Charities and COVID-19 – what help is available?
Last updated 18 May 2020
The charity and not-for-profit sector was, to a certain extent, left out of the Government’s various aid packages announced when the COVID-19 pandemic began. In early April, whilst recognising that the proposed package would not be sufficient to match every pound of funding that will be lost due to this pandemic, Rishi Sunak, the Chancellor of the Exchequer, pledged £750 million to the sector, in addition to the general business measures that already help charities.
The £750 million is targeted to help frontline charities across the UK, specifically including hospices and those that support domestic abuse victims.
- £360 million has been directly allocated by Government departments. This aid will assist in particular:
- Hospices, which are obviously in great demand at present;
- St John’s Ambulance;
- Charities supporting victims, including domestic abuse;
- Charities supporting vulnerable children;
- Citizens Advice to increase the number of staff available.
- £370 million has been made available to small and medium-sized charities, to support those organisations in local communities that are making a big difference. Examples given are those delivering food, essential medicines and providing financial advice. A grant will be made to the National Lottery Community Fund for those charities in England.
- The Chancellor also announced that a minimum contribution of £20 million would be made to the National Emergencies Trust appeal. He pledged that the £20 million would be increased to match fund whatever the public donated to the BBC’s Big Night In charity appeal on 23 April, if this exceeded £20 million. In fact, the appeal raised an amazing £33,555,005 so the match funding doubled this figure to £67,110,010. The first £47 million has been allocated equally to Children in Need and Comic Relief.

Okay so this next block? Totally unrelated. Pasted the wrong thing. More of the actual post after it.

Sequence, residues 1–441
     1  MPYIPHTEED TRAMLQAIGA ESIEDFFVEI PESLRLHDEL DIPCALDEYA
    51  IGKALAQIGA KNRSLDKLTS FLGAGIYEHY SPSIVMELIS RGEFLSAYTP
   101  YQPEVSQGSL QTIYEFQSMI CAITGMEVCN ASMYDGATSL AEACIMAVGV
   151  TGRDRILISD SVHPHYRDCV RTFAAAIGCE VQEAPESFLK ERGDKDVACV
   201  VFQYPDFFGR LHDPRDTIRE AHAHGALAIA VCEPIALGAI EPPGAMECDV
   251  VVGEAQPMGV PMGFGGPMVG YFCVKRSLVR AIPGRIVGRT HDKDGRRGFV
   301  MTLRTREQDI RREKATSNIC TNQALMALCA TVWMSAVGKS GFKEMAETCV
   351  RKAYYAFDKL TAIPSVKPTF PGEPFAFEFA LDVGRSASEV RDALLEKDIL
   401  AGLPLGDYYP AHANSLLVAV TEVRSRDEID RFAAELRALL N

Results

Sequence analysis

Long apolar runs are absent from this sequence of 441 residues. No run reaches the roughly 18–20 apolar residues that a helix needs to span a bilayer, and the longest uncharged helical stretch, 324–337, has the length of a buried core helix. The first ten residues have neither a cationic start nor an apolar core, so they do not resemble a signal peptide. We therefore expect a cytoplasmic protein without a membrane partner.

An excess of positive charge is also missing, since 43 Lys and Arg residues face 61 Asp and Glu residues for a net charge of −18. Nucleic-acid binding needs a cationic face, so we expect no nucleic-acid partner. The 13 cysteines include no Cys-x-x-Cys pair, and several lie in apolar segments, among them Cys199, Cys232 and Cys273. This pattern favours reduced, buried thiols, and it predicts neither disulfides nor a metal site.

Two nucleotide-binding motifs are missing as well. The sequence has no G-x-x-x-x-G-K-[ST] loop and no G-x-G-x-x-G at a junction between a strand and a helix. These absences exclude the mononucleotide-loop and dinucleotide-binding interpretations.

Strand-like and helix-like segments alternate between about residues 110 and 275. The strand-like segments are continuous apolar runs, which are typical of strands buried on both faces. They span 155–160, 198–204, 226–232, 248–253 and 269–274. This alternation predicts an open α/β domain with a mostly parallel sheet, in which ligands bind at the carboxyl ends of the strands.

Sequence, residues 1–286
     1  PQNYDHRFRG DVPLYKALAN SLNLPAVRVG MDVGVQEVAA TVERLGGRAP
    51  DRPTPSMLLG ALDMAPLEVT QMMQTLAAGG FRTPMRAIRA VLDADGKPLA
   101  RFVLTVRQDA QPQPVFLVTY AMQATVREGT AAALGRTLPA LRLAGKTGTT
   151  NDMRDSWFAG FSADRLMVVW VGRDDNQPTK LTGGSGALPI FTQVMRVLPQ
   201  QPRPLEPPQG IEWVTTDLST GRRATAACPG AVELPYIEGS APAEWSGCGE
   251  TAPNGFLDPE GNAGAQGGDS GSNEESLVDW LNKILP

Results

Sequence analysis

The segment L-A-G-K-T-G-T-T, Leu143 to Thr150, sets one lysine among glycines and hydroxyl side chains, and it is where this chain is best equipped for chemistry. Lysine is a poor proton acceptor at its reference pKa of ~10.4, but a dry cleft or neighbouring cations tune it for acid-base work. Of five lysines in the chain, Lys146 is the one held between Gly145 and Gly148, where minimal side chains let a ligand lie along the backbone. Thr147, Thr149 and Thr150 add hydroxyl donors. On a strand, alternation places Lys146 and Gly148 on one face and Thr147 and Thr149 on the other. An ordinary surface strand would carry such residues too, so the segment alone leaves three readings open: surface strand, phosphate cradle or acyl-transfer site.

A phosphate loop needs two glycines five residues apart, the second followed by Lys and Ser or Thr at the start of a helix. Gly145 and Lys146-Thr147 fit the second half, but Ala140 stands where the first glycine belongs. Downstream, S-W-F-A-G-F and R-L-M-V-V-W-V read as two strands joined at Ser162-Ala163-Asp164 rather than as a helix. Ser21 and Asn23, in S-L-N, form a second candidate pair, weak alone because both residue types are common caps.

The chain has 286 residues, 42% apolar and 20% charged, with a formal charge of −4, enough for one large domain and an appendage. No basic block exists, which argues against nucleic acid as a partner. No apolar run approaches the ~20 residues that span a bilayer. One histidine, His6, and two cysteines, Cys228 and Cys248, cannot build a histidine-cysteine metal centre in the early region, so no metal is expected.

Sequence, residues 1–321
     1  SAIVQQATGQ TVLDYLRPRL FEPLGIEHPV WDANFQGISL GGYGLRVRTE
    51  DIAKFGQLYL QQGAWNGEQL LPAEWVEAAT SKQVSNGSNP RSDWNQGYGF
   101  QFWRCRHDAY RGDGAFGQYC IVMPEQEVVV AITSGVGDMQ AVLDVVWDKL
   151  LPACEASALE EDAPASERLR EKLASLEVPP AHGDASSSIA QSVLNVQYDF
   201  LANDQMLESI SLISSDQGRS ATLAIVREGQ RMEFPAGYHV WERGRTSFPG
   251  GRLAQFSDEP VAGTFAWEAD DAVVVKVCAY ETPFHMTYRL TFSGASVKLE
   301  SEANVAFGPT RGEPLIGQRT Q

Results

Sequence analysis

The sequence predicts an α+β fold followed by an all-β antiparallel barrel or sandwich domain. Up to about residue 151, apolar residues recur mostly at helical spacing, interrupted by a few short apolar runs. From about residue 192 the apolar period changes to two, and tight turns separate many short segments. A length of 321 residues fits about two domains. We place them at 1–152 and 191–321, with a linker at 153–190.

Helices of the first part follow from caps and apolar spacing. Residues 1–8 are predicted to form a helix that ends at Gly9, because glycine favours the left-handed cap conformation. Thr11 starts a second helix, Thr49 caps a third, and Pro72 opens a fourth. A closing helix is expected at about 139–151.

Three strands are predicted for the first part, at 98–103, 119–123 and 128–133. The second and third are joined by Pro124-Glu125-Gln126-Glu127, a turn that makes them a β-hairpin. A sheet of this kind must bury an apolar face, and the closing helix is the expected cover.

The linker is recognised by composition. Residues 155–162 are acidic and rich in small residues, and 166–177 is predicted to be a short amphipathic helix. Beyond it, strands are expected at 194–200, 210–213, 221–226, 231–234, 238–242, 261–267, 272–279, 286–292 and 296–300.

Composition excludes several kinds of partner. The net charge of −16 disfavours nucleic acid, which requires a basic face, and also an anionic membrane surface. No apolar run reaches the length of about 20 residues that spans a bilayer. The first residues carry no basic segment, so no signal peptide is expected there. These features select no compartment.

The Government’s hope is that tens of thousands of charities will benefit from these cash grants, enabling them to meet increased demand as well as continuing their normal day-to-day activities.
The Government will work “at pace” to identify priority recipients, with the aim of such charities receiving financial help in the coming weeks. The hope is that the application system for the National Lottery Community Fund grant pot will become operational within a similar timescale.
This announcement in April by Rishi Sunak built on previous announcements, including:
- Deferral of VAT bills.
- No business rates for charity shops next year.
- Government support for furloughed workers, representing 80% of staff wages (up to £2,500 per month).
The Chancellor concluded his speech with the following words:
“Two short weeks ago I spoke of the need for kindness, decency and the sort of neighbourliness that is at the heart of these charitable and community efforts. The normally invisible connections between us have, in recent weeks, become more apparent. For most of us, we spend our lives oblivious to these connections, these bonds, and how our behaviours, however small, can have a dramatic effect on others.
But these bonds are not invisible for our local charities.
- For the volunteer keeping victims of domestic violence safe.
- For the outreach worker helping a rough sleeper find a bed, or
- For the support worker manning the phones to help stave off the heart wrenching loneliness so many of our elderly relatives and friends will be experiencing right now.
These connections might be hard to see, but they are there, and they are strengthened by our compassion for others. Charities embody this like no other organisation. And their lesson is that the simplest acts have the potential to change lives. At this time, when many are hurting and tired and confined, we need the gentleness of charities in our lives.
It gives us hope. It makes us stronger. And it reminds us: we depend on each other”.
These words sum up the charity and not-for-profit sector perfectly. Keep up the good work!
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